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Mom and dughter looking at a tablet together

Google is pleased to announce the addition of 6 new media literacy activities to the 2019 edition of Be Internet Awesome. Designed to help kids analyze and evaluate media as they navigate the Internet, the new lessons address educators’ growing interest in teaching media literacy.

They were developed in collaboration with Anne Collier, executive director of The Net Safety Collaborative, and Faith Rogow, PhD, co-author of The Teacher’s Guide to Media Literacy and a co-founder of the National Association for Media Literacy Education. Because media literacy is essential to safety and citizenship in the digital age, the news lessons complement Be Internet Awesome ’s digital safety and citizenship topics.

Overview of new activities:
1. Share with Care: That’s not what I meant!
● Overview: Students will learn the importance of asking the question: “How might others interpret what I share?” They’ll learn to read visual cues people use to communicate information about themselves and to draw conclusions about others.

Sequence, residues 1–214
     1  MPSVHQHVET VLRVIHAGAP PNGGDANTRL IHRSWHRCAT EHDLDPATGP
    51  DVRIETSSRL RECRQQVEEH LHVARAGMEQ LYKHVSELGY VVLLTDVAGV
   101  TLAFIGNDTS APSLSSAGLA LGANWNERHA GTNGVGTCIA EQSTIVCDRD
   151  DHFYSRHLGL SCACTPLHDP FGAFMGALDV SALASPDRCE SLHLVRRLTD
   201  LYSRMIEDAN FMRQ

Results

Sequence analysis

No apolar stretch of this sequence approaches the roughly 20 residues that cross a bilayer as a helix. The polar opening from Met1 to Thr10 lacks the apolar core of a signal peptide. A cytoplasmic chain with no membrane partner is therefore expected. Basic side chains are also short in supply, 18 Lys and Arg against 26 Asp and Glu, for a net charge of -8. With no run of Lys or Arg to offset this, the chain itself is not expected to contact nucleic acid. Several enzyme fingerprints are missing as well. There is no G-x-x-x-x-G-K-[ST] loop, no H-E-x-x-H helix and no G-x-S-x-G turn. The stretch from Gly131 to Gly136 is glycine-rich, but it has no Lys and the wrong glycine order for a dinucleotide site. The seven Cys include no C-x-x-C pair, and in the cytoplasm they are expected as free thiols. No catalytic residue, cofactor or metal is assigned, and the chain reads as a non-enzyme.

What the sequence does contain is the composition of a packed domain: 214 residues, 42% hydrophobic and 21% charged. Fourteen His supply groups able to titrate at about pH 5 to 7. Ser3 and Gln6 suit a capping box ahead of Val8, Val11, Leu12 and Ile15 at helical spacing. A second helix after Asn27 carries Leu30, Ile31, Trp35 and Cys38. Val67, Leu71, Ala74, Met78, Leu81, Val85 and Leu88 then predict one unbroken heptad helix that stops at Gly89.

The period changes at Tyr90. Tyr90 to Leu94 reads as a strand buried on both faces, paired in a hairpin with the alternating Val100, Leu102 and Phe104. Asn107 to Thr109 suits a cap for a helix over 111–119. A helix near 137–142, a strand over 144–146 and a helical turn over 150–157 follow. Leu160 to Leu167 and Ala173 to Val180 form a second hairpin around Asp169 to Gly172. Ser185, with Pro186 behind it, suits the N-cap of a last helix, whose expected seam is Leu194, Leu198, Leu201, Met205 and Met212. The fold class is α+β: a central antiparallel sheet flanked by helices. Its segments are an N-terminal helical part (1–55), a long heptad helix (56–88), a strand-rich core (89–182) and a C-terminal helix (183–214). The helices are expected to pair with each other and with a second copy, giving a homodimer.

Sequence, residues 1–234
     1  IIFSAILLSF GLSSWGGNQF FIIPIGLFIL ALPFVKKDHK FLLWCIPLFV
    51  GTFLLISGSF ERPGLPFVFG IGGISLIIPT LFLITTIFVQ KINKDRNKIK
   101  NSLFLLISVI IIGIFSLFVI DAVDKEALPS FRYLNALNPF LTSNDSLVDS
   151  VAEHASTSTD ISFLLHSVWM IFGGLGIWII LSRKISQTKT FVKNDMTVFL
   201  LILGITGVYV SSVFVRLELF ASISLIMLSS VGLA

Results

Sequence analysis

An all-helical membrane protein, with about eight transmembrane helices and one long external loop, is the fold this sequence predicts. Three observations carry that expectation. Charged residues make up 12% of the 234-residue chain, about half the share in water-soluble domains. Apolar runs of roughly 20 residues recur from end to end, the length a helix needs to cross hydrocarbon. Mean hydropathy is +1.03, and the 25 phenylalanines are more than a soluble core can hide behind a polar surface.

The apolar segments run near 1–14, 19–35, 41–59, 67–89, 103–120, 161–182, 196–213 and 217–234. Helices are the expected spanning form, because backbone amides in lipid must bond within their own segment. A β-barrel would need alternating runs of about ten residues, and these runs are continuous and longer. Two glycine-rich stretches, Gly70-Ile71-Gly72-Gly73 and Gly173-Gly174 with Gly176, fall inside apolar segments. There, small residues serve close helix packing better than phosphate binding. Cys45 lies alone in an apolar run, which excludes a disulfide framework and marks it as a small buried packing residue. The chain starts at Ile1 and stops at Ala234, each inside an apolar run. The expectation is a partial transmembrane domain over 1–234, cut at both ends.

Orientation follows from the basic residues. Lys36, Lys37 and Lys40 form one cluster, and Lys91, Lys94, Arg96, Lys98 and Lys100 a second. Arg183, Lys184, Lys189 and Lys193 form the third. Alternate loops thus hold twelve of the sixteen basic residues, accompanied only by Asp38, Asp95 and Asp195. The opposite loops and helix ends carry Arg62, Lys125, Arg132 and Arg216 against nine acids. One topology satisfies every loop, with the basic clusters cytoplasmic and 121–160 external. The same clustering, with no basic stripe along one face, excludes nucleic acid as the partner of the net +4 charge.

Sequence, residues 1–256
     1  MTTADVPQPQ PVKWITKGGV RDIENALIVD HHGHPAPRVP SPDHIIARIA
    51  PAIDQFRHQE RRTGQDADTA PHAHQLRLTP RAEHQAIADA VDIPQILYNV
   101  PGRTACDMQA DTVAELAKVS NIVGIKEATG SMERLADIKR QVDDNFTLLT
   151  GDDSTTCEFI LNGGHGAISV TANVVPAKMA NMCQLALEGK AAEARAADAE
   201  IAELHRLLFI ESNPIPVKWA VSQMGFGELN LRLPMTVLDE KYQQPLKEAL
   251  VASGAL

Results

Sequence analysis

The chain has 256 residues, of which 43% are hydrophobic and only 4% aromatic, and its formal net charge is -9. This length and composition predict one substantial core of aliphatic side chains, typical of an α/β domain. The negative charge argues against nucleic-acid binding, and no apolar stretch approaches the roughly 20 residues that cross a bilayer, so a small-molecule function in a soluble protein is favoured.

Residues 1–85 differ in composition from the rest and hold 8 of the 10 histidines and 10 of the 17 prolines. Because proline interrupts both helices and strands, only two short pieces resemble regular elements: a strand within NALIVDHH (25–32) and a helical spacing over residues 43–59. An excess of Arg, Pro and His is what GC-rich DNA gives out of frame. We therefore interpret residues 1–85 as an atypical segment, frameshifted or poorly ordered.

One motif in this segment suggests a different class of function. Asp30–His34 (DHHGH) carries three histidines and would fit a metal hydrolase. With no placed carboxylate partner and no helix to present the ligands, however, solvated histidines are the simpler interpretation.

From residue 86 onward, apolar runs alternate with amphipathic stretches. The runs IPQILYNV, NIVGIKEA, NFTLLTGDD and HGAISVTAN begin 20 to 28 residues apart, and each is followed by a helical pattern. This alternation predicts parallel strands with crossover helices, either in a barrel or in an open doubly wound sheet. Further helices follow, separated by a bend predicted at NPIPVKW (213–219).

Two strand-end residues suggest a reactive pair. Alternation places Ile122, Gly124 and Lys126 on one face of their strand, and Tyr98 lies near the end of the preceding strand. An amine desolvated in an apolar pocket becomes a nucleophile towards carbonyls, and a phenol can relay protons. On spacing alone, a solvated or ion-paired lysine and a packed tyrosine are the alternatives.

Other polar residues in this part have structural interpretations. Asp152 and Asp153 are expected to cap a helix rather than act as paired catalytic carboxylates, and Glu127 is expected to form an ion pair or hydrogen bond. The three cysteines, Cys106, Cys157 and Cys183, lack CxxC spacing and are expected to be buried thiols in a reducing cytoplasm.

2. Share with Care: Frame it
● Overview: Students will learn to see themselves as media creators. They’ll understand that media makers make choices about what to show and what to keep outside the frame. They’ll apply the concept of framing to understand the difference between what to make visible and public online and what to keep “invisible.”

3. Don’t Fall for Fake: Is that really true?
● Overview: Students will learn how to apply critical thinking to discern between what’s credible and non-credible in the many kinds of media they run into online.

4. Don’t Fall for Fake: Spotting disinformation online
● Overview: Students will learn how to look for and analyze clues to what is and isn’t reliable information online.